Tuesday, March 02, 2010

Global Warming and Science

The following citation is an interesting breakdown of the issues surrounding global temperatures over the last sixty or so years. It identifies five different issues with the 2007 IPCC claim which attributes most of the rise of 0.7 ° C over that period to human GHG.

This article identifies five different issues with the Hadley ("Climategate") data which is the basis for the IPCC claim. These five issues break down into two different types: those which modify the original 0.7 ° C itself and those which attribute a different cause. Of those which suggest different causes, some are not anthropogenic, but one is (soot).

So let's correct the original number to 0.47 ° C by eliminating the sea surface temperature errors and the non-climatic signal change ("urbanization"). We then identify four possible causes contributing to this change. Two are anthropogenic and two are not. Those causes we are not responsible for are Stratospheric water vapour and the Sun. Stratospheric water vapour contributes about 0.06 ° C. The Sun's contribution is more problematic.

We don't actually know what, if anything, the sun contributes to our climate variations. The seasons themselves seems to indicate a large role--less sunlight equals colder temperatures. But what about longer-term changes in climate? The scientist cited comes up with different hypotheses that range from no contribution to 65% of the observed warming over the last sixty years. He then cited plumps for 33% for no reason cited. Yet the graph only drops 0.1 ° C. So something is being done with these successive graphs that I'm not understanding.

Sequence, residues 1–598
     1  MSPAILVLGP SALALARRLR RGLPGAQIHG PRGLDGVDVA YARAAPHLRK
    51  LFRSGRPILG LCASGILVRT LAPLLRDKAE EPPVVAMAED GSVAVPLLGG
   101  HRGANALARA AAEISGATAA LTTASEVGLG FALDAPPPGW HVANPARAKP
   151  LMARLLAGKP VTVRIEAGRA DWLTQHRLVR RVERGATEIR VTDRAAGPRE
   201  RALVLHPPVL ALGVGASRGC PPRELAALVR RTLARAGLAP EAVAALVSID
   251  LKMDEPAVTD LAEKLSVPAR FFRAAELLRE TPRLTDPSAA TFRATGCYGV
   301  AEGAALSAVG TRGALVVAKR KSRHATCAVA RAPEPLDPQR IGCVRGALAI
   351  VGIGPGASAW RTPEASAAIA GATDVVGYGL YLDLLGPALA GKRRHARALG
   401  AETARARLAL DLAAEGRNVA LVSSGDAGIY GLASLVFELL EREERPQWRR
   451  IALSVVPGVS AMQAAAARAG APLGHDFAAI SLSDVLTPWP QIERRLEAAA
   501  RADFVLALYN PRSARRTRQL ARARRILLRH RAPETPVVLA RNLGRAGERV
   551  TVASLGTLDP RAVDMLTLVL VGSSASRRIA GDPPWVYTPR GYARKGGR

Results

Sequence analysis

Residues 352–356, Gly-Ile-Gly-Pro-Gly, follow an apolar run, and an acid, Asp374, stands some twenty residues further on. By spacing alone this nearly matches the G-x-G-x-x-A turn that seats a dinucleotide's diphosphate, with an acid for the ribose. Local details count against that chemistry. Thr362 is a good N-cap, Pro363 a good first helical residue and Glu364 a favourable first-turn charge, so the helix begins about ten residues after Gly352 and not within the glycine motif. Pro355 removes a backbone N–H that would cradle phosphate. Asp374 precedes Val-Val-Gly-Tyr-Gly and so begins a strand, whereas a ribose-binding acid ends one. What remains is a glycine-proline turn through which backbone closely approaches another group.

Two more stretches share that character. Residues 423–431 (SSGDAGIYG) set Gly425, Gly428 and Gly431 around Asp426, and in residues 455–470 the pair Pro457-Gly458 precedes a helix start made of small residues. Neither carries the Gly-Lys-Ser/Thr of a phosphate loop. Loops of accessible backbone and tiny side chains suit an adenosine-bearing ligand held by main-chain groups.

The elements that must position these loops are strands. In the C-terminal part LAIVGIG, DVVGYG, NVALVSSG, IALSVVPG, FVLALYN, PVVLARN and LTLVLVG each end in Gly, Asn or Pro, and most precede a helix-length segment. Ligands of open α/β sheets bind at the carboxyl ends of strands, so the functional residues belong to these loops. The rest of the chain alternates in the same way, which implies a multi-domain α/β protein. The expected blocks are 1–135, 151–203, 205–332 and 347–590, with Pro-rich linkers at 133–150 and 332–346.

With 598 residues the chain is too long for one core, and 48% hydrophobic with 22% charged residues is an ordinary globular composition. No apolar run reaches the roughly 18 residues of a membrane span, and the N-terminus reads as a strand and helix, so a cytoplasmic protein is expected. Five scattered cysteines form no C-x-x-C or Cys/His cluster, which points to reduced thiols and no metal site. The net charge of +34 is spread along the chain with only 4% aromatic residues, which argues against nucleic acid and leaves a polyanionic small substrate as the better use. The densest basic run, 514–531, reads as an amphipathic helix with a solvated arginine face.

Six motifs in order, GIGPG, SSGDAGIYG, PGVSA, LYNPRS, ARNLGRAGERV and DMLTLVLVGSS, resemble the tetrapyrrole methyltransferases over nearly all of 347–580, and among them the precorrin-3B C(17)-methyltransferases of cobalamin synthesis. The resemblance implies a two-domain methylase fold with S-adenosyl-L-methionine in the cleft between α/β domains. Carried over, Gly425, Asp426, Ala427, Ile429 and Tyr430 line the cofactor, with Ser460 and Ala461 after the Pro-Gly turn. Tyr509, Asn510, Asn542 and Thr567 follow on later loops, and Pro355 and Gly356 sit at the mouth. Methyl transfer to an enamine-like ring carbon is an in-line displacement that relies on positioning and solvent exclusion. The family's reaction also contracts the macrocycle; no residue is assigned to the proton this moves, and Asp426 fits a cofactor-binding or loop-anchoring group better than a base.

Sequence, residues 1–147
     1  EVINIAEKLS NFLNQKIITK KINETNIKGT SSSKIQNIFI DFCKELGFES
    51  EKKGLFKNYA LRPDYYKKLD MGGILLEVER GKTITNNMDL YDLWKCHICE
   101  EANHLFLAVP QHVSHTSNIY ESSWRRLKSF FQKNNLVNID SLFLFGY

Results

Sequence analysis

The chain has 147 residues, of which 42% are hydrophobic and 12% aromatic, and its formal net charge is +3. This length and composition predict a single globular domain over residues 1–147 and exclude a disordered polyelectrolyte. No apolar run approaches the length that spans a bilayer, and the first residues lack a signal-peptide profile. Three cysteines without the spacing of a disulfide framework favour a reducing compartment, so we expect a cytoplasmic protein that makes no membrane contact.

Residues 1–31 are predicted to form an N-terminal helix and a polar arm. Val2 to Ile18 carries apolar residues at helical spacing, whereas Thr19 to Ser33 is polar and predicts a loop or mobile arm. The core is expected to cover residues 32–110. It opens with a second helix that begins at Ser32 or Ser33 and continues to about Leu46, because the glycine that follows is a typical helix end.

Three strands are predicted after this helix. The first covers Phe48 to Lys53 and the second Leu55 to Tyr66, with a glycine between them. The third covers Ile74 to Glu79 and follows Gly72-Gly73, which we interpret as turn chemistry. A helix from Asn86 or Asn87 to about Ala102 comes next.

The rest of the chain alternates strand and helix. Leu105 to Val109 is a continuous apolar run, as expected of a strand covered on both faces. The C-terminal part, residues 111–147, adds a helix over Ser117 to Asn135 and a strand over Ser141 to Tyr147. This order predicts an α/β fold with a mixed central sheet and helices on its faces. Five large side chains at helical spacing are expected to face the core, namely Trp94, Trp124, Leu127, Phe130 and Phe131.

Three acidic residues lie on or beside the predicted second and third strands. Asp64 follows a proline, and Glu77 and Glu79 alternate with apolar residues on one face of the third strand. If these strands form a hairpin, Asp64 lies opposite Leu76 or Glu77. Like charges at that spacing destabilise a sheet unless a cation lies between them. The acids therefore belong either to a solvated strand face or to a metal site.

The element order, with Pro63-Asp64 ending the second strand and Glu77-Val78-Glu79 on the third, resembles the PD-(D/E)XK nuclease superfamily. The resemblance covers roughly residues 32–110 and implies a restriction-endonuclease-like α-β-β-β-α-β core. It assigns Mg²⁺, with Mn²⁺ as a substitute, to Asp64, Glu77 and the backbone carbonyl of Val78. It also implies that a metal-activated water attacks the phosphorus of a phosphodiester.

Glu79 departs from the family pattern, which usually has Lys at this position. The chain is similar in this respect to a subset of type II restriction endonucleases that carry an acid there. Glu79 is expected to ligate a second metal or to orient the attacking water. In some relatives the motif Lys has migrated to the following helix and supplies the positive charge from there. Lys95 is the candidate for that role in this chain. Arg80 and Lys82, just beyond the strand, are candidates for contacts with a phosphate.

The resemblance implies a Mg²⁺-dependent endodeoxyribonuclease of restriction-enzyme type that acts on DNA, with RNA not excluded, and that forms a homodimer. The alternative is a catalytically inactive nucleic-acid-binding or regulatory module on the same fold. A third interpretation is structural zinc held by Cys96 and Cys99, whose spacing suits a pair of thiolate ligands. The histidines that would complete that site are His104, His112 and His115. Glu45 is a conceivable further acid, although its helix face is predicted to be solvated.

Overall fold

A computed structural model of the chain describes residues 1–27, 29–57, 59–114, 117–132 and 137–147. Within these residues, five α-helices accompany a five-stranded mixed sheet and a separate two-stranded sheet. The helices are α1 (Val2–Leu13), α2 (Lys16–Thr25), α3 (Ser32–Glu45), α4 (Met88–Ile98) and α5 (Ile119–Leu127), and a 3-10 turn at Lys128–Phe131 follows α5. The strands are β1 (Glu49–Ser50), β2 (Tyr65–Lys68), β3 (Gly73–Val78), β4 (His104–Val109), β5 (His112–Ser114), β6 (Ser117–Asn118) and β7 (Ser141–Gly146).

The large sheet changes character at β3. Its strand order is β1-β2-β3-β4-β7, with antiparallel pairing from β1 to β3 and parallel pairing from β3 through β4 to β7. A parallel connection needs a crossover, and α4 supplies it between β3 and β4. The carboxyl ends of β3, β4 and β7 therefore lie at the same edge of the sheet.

Of the two anthropogenic causes Black Carbon (soot) contributes 0.1 ° C or about twenty percent of the total. The remainder includes GHG and any other causes as yet unidentified. This apparently amounts to about 0.2 ° C or about 40% of the total. In other words, we seem to be contributing more than twenty percent to current warming, but possibly less than sixty percent. That still seems pretty serious to me, so I'm at a loss to explain the articles conclusion which reduces GHG's contribution to less than a third (which it may, in fact, be) by merging all the various issues indiscriminately.

Most of the Observed Warming since the Mid-20th Century Likely Not from Human GHG Emissions?:

A few weeks ago, over at the blog MasterResource.org, WCR’s Chip Knappenberger took a look at just how confident one should be regarding the amount of warming that anthropogenic greenhouse gas (GHG) emissions have caused since the mid-20th century.
The IPCC claims that it is “very likely” that “most” of the warming since then has been [...]

Read the whole thing.

(Via World Climate Report.)

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